Disabling “secured” IPv6 addresses is macOS 10.12 Sierra

On older macOS versions, every network interface would have one IPv6 address autogenerated from its MAC address, easily identified by the characteristic “ff:fe” bytes in the middle of the host part:
$ ifconfig en0
[...]
ether 10:dd:b1:9f:6b:ba
inet6 fe80::12dd:b1ff:fe9f:6bba%en0 prefixlen 64 scopeid 0x4
inet6 2001:7c0:2012:4a:12dd:b1ff:fe9f:6bba prefixlen 64 autoconf
[...]

Since macOS 10.12 however, these were replaced with randomly-generated “secured” addresses:
$ ifconfig en0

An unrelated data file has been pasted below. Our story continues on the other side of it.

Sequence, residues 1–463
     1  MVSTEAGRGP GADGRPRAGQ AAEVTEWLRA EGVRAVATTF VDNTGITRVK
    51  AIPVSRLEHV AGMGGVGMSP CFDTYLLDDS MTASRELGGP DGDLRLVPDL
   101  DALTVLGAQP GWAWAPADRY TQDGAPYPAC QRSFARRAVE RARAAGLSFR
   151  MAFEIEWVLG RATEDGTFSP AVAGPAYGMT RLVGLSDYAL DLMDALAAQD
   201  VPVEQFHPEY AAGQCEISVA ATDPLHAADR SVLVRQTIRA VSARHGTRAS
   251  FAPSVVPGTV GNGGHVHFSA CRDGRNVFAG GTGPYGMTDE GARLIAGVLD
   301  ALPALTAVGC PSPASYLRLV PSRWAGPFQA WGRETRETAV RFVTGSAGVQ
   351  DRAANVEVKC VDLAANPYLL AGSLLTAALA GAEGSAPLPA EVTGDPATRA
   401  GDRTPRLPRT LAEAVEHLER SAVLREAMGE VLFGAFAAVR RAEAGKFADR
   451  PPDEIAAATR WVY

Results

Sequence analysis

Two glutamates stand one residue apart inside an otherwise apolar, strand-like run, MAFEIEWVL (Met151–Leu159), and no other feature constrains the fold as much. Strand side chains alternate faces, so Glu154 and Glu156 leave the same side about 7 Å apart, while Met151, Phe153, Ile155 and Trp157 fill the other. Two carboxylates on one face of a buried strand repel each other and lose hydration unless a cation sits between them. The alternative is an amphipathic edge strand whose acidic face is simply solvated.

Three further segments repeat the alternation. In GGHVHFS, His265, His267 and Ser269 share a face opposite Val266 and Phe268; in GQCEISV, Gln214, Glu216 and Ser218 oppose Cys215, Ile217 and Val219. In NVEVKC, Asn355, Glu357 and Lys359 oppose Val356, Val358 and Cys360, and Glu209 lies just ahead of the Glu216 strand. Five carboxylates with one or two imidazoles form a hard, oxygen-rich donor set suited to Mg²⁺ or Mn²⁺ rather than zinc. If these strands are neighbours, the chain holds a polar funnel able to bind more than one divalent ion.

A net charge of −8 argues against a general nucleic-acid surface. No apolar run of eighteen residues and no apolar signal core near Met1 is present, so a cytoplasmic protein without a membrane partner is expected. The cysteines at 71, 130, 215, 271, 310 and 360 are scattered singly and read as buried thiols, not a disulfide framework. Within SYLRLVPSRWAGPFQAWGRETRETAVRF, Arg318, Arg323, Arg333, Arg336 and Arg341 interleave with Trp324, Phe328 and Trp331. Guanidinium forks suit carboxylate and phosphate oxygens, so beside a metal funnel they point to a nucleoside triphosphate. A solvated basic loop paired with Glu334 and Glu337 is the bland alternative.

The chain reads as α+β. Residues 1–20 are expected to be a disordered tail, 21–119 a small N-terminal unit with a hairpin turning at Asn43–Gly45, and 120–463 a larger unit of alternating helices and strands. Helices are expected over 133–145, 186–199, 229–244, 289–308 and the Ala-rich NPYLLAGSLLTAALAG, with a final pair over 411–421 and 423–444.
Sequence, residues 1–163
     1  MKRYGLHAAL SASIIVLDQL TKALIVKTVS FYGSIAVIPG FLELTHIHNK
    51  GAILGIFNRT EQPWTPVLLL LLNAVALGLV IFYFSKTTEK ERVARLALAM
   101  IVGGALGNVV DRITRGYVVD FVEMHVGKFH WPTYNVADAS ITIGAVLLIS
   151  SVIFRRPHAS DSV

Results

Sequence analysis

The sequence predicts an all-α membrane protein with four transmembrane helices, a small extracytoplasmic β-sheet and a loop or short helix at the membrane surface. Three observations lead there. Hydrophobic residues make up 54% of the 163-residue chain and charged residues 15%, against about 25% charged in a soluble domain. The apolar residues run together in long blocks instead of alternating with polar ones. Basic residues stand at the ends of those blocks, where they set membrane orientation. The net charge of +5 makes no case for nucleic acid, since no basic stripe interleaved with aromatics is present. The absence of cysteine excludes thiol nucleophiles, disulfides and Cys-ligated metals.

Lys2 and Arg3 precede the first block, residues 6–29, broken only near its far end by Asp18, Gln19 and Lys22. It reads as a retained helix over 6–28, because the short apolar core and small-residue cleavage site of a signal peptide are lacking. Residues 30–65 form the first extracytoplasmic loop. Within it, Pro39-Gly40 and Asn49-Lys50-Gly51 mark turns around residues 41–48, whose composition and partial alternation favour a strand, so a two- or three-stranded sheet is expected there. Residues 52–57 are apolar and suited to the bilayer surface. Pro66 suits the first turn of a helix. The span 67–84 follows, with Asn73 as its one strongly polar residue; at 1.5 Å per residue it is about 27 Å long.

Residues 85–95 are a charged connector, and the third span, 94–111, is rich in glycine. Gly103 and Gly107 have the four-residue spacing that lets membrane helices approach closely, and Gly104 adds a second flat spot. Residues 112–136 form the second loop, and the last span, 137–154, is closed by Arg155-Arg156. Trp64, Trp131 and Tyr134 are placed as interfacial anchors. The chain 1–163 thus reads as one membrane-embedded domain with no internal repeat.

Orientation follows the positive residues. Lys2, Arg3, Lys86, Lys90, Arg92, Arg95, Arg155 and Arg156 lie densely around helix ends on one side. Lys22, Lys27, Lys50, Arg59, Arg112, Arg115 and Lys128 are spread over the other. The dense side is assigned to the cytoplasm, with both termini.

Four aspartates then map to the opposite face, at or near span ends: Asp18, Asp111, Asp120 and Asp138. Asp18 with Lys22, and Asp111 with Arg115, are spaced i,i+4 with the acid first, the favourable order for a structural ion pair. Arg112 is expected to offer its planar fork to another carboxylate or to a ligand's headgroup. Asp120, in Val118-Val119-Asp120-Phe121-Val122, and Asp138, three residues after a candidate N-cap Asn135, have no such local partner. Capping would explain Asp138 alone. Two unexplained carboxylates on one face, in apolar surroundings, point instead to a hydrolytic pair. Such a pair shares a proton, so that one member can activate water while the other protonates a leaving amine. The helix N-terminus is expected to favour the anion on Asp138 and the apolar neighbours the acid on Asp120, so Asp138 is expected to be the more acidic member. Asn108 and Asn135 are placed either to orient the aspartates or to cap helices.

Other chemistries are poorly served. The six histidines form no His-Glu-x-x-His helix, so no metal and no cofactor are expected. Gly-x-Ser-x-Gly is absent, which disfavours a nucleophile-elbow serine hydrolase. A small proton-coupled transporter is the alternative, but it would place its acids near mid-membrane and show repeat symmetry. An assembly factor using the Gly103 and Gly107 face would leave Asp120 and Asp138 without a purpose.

[...]
ether 10:dd:b1:9b:d0:67
inet6 fe80::46:3b36:146:9857%en0 prefixlen 64 secured scopeid 0x4
inet6 2001:7c0:2012:4a:4e6:f1d1:dd90:c6b4 prefixlen 64 autoconf secured
[...]

Very little is known about these, besides a single mailing list post that discovered them. If you are running a server, you’ll want your IPv6 address to be deterministic so you can register it in DNS. Therefore, we need to revert to pre-10.12 behavior:

$ echo net.inet6.send.opmode=0 >> /etc/sysctl.conf
$ reboot

If you look at the source code of the XNU kernel (Search for the IN6_IFF_SECURED flag) and the IPConfiguration service in macOS 10.11 (the 10.12 source code hasn’t been released yet), you can see that the new behavior was already there, just not enabled by default like it is now. Also, we now know that the change wasn’t made to reflect RFC 7217 (Semantically Opaque Interface Identifiers) behavior, but rather implements RFC 3972 (Cryptographically Generated Addresses).